The Ultimate Guide ToUltimate Alaska Trip
Here are a few recommendations of exactly where and how to spend your time in Alaska.
Whether it’s whitewater rafting in Denali National Park or taking in the views from a float plane, there is plenty of adventure to be found in Alaska. Take a look at a few of them here.
1 . Can get on the water.
The condition is full of whitewater, and Denali State Park is one of the simplest places to access this. The north-flowing, glacier-fed Nenana River parallels the Parks Road by the national recreation area entrance, and operators typically run two trips on it: the mellow, scenic McKinley Run, and the faster Canyon Run, which includes several class III and IV rapids. You can raft the Canyon with Denali Raft Adventures ($89, 2 hours) — you’ll appreciate the provided drysuit.
Fishing is certainly another popular on-the-water activity. There are salmon in the streams, trout in the lakes, and list halibut and cod out at sea.
A wildife/glacier-viewing day time cruise out of Seward is also enjoyable. The Ak Native-owned Kenai Fjords Tours offers a few different routes, from four to nine hours. You’re very likely to see sea otters, puffins, bald silver eagles, seals, sea lions, whales and maybe even a bear, along with the calving glaciers, rookery island destinations, and shoreline peaks of Resurrection Bay.
Rafting the Nenana River
Denali Raft Adventures
Kenai Fjords Tours
2. Hike with a guide.
Alaska is a land of backcountry, settled by people who hiked out, discovered a piece of ground that looked good and built a family cabin on it. You can get a feeling of the vastness from the land by going on your own backcountry trek. Denali is an excellent place for it — the National Recreation area covers more than 2 million hectares and has relatively few established trails. You will find endless opportunities pertaining to shorter hikes in southcentral and interior Alaska as well.
Regardless how long you’re in the trail, it’s all set with a guide. With a company like Ak Nature Guides, you will be led by a local, someone who blazed their own path and made a home in the bush. Their observations about the land, its history as well as flora and fauna will add layers of meaning to a walk you won’t get otherwise.
ANG is definitely one of few businesses with Gold Level Certification in the Adventure Green Alaska program, which recognizes them as an industry head in environmentally and culturally sustainable procedures. They run well guided hikes in Denali State Park (east of and next to the National Park), as well as around Talkeetna Lakes Park, just outside of town.
Look at of Denali National Park
View of Denali National Park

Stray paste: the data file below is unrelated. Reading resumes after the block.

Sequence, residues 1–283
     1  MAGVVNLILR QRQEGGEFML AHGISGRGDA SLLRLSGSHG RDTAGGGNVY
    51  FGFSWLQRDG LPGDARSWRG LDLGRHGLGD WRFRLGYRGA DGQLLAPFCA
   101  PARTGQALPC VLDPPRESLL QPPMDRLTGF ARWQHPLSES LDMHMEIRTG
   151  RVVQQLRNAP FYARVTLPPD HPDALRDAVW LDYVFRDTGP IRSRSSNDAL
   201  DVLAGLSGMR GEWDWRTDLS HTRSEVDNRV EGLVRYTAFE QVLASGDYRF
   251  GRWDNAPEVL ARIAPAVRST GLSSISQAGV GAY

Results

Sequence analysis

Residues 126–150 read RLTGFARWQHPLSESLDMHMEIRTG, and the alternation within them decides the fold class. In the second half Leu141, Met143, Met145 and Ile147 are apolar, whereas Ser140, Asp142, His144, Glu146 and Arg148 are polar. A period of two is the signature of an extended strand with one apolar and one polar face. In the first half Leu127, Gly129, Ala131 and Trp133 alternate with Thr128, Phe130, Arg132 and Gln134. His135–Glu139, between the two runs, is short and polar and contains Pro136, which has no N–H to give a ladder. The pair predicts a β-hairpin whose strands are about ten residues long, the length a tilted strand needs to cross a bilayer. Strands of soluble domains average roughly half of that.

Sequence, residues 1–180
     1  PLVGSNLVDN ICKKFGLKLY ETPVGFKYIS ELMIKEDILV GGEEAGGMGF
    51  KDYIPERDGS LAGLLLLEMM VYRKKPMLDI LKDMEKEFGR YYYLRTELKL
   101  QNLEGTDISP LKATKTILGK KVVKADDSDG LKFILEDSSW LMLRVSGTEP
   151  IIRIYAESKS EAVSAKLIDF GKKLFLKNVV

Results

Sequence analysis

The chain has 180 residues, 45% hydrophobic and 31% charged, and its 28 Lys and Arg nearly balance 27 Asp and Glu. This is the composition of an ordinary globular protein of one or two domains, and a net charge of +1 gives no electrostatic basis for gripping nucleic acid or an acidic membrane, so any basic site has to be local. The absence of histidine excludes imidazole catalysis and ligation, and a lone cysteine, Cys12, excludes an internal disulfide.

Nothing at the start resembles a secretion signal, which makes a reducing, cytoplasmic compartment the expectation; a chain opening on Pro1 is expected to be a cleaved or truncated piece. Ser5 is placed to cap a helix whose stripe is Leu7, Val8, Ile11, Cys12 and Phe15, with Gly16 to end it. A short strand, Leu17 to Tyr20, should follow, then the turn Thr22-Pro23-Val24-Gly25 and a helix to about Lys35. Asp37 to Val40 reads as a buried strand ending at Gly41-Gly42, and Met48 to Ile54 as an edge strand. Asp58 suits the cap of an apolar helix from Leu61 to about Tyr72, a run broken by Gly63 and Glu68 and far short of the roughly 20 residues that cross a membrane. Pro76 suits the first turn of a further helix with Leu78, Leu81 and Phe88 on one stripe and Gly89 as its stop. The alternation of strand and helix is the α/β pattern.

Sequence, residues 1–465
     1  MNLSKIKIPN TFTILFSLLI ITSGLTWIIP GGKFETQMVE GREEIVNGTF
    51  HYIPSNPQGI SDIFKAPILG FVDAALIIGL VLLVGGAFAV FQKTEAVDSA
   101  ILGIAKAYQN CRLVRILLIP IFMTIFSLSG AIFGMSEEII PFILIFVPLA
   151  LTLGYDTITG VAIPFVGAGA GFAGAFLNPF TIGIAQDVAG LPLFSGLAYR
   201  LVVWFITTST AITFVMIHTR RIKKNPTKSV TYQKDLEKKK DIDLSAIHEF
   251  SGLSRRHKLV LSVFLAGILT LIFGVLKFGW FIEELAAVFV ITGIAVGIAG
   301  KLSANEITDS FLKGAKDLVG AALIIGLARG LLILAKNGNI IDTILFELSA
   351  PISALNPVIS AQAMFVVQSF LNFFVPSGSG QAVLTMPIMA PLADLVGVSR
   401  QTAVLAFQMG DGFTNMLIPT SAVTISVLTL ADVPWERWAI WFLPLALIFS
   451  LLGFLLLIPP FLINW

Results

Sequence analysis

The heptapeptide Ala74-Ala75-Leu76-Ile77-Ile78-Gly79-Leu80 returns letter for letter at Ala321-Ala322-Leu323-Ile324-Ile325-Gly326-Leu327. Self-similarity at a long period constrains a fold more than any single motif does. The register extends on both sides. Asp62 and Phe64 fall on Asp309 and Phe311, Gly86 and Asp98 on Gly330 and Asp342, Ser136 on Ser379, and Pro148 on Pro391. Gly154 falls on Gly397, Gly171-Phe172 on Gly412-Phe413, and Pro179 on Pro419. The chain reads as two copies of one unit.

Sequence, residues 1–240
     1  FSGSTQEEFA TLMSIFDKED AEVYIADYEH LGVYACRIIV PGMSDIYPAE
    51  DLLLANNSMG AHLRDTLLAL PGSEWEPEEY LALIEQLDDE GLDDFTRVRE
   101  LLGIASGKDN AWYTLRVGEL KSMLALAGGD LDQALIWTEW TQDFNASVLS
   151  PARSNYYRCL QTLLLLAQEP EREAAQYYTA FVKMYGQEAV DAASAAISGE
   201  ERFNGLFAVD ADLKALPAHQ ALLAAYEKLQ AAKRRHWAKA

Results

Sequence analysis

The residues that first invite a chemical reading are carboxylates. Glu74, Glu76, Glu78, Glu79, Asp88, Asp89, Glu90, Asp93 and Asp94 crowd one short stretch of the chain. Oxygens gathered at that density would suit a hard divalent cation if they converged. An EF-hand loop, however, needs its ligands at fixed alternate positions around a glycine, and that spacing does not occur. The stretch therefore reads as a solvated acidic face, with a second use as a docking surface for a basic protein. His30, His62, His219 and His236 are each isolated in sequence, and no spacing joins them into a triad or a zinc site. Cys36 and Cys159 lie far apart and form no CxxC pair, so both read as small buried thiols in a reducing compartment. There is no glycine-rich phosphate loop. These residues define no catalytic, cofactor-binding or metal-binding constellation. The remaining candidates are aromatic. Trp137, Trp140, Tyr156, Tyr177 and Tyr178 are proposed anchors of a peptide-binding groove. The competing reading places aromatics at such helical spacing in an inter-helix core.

Ak Nature Guides
Adventure Green Alaska
3. Fly to the mountains; climb if you can.
The Alaska Range specifies the topography from the state, a crescent spine that curves from the southeastern border with Canada, up to just south of Fairbanks, and back down to the sea in the mouth of Make Inlet. The section most people know and visit, though, may be the area surrounding Denali, North America’s highest peak at six, 193. 5 metres, and its two neighbors, Foraker (5, 303. 5 meters) and Hunter (4, 256. 5 meters).
Getting the view can be nice; one of the best places to do so is from your back deck area of the Talkeetna Alaskan Resort. But you get a completely different perspective once you’re actually in the mountains, standing on a glacier, looking up and around at a jagged world of white. To do that, you will need a plane.
A handful of businesses run “flightseeing” excursions out of Talkeetna, K2 Aviation being the biggest. It’s also possible to soar in from the Denali area. Whoever you fly with, subscribe to a glacier landing for the full impact.
This is also how climbers access the mountains. For information upon climbing, check the National Park’s mountaineering resource page.
A drift plane in Ak
Talkeetna Alaskan Lodge
Denali National Park Mountaineering Resource Page
4. Stay at a boat/plane-accessed hotel.
Fox Island can be a stop on two Kenai Fjords day time cruises, but you can stay overnight at the Kenai Fjords Wilderness Hotel. The property comprises eight cabins (each with capacity for a family of four) lined up between the rocky beach as well as the back tidal lagoon. Package overnight remains that feature a day time cruise on reduction day start can be found. Kayaking and angling trips are available at extra cost for overnighters; they’re part of the offer if you stay more than one night.
On the opposite side of the Kenai Peninsula, Tutka Bay Lodge has an even more remote feel to it, accessed by water taxi from your Homer Spit or sea plane. Tutka is one of the fjords cut into the southern part of the larger Kachemak Bay, and the whole area features snowy peaks and Sitka spruce-covered ridges that run right into the ocean. The hotel is set back on a beach opposite a small headland – you can not see it until you’re almost on top of it. But once you’re there it’s quite expansive, with a substantial central deck (with hot tub and sauna), and pathways that connect the main lodge building and six luxury cabins of varying size. The Eagle’s Nest Chalet (sleeps five) most likely has the best watch.
Rates start $1, 300 per night time and include three chef-prepared meals a day, a one-hour massage, wine tastings, yoga, and pretty much any well guided activity you can think of — kayaking, hiking to glaciers, mountain cycling, local fishing and boat trips, nature walks, and cooking classes.